When I left my previous job in 2015 to take up the role of Monitoring and Evaluation Officer at Time to Shine one friend said to me “you’ll be bored after six months”.
I’ve often pondered on this piece of ‘advice’ as I’ve enjoyed (almost!) every minute as part of the programme team. Why is this? Would I have been bored working for a different organisation, a different programme, or if Time to Shine had been paid for by a different kind of funder or governed in a different way?
I got to thinking about what I liked about the way Time to Shine works and why I’m still happy in my job after six years. The work is varied and interesting, yes, and the people I work with are inspiring and enthusiastic, but I’m lucky to have had these things for most of my working life.
So what’s the secret ingredient? This may be different for everyone.
For me, I think it’s because it feels like we’re all in it together and we’re part of a community. Delivery partners, programme team, volunteers, core partnership board, trustees, funders, strategic partners: even though we all have different job descriptions we’re all playing our own small part to achieve something huge. Within the programme younger and older people work together and we can see that collectively, we’re making a difference.
Time to Shine isn’t a small programme. We commissioned 105 projects from 72 different organisations over six years, reaching over 20,000 people. There was always the possibility that Time to Shine could just become an unwieldy collection of disparate projects, but this didn’t happen. Why?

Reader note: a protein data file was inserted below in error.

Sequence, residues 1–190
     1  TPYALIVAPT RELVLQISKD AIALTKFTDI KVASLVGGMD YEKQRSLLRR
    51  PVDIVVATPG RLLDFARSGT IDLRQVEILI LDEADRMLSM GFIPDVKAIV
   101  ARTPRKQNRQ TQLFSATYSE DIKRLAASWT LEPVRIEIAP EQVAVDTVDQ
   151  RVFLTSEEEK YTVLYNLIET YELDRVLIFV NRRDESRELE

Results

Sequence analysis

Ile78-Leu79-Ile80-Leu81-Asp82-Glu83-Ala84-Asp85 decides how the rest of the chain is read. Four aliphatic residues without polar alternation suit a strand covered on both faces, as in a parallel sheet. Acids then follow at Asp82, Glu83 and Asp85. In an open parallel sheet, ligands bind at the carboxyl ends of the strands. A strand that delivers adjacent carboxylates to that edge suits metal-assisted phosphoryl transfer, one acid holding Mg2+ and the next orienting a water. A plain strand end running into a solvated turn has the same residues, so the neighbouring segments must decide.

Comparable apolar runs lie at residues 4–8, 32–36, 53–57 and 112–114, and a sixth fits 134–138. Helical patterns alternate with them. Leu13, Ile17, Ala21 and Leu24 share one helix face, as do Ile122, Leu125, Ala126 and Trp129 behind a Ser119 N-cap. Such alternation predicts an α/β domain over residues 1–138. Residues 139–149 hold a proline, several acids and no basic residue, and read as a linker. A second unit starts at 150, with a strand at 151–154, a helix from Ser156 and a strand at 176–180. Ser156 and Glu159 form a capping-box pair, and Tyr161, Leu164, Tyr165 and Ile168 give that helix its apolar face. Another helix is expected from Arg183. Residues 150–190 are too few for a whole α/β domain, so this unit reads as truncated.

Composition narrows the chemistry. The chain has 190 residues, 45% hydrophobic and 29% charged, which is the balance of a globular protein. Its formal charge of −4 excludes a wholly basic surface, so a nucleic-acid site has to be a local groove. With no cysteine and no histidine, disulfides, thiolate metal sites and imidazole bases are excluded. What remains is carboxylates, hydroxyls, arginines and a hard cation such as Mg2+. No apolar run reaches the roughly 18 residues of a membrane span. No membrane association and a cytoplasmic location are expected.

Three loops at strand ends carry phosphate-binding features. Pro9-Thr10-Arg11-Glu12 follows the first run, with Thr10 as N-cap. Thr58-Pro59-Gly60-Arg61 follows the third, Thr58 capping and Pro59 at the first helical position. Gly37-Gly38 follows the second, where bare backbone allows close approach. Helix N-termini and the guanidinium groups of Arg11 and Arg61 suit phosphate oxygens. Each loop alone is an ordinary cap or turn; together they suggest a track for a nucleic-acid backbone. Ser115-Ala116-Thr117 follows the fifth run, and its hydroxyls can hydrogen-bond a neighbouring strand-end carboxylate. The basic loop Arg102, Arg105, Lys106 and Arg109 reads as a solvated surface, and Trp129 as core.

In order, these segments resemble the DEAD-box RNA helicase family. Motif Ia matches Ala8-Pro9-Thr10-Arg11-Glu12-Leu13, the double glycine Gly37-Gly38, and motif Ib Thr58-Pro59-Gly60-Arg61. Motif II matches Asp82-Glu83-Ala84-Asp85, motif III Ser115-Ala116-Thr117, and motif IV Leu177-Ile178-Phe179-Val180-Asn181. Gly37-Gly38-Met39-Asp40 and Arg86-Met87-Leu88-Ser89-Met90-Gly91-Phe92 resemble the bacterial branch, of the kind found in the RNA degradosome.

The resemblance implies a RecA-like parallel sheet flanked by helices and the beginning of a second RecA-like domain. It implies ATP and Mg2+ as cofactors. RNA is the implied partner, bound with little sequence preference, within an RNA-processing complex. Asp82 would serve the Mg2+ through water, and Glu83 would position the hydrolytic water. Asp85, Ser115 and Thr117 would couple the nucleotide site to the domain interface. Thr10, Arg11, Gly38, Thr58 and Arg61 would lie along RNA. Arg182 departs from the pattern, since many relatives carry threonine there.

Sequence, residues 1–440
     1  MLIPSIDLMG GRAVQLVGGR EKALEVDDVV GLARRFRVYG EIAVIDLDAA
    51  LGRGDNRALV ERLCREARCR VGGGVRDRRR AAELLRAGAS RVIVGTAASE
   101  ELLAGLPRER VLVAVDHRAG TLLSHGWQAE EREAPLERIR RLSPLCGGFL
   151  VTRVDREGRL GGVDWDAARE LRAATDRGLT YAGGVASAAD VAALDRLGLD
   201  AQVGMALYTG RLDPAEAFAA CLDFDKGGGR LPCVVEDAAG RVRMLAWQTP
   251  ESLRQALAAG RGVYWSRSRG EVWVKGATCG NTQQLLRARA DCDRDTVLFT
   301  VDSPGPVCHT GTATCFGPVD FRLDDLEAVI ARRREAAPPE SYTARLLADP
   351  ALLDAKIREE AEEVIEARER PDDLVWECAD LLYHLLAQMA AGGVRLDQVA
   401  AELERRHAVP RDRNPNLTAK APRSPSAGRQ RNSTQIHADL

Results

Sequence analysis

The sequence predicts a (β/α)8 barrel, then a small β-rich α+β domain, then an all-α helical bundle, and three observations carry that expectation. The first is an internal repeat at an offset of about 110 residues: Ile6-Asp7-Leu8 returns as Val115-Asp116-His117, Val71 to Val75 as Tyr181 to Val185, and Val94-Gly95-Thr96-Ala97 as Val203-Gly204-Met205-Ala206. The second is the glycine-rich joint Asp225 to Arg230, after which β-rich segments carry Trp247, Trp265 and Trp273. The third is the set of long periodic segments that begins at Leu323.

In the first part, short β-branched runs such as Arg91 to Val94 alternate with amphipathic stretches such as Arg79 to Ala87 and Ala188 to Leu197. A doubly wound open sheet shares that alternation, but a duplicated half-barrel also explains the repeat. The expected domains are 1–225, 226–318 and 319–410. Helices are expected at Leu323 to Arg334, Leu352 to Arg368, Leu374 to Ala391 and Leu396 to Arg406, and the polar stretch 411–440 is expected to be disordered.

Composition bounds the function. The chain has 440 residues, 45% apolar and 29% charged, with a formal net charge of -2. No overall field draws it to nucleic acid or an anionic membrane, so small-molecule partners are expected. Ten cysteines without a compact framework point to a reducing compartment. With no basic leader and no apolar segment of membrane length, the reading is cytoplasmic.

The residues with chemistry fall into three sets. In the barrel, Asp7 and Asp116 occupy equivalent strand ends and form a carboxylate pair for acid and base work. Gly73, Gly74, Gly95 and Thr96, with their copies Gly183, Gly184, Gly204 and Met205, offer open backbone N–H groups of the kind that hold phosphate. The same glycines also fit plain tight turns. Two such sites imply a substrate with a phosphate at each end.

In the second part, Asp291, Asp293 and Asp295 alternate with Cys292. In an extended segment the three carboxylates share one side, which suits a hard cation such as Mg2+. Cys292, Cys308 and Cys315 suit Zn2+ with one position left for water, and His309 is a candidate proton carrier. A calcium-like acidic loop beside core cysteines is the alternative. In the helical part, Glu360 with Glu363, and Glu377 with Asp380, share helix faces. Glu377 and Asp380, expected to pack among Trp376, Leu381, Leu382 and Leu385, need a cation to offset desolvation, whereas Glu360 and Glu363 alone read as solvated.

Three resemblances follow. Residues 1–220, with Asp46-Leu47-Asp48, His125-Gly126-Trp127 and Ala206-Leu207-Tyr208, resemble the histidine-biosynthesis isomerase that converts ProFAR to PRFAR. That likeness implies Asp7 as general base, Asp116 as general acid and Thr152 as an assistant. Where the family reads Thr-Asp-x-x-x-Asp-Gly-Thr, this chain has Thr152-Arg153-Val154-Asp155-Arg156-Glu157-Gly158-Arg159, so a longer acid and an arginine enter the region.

It’s this sense of community and collective effort that is the subject of a new Time to Shine learning report:
The report is divided into sections to highlight some of the ingredients which helped to create a cohesive programme. It starts by exploring the firm foundations created during the planning stages, during which 656 people shared their views to help shape the programme. Next, it shows how Time to Shine fostered the spirit of collaboration amongst the commissioned projects, identifies some of the challenges and outlines the practical actions which helped to develop a sense of community. It ends with a case study and a summary of the perceived outcomes for delivery partners, the Time to Shine programme team and the third sector in Leeds. Delivery partners are quoted throughout.
Mick Ward (former Deputy Director of Adults and Health at Leeds City Council) was one of the people who helped write Leeds Older People’s Forum’s funding bid, for Time to Shine, to the National Lottery Community Fund, way back in the mists of time. Mick said in an interview for September’s Shine magazine:
“Older people can identify what needs to change to make things better – and do it themselves. When it became clear that there was a big pot of money available it seemed clear that Leeds would be the best place to host it. It would be taken seriously in Leeds, it wouldn’t just be a stand-alone project – it would influence other things. My contribution, as well as helping to write the original Time to Shine bid, was to make sure that happened. Time to Shine went way beyond anything I’d ever conceived of!”
When Time to Shine funding ends in March 2022 and it’s time for us all to leave our respective teams, I know I’ll agree with Mick: that Time to Shine went way beyond anything I imagined!
Monitoring and Evaluation Officer, Time to Shine